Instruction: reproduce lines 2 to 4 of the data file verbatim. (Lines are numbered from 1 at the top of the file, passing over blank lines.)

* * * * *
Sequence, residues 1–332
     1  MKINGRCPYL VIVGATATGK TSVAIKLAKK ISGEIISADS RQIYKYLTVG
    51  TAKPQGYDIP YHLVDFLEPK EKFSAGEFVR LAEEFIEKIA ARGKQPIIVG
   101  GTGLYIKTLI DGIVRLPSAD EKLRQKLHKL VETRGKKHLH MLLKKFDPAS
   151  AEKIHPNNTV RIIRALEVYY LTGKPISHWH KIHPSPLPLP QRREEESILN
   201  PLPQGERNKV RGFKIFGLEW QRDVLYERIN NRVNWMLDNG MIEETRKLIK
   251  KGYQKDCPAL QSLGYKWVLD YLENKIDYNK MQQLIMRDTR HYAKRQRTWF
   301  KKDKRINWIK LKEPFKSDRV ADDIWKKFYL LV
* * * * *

     1  MKINGRCPYL VIVGATATGK TSVAIKLAKK ISGEIISADS RQIYKYLTVG
    51  TAKPQGYDIP YHLVDFLEPK EKFSAGEFVR LAEEFIEKIA ARGKQPIIVG
   101  GTGLYIKTLI DGIVRLPSAD EKLRQKLHKL VETRGKKHLH MLLKKFDPAS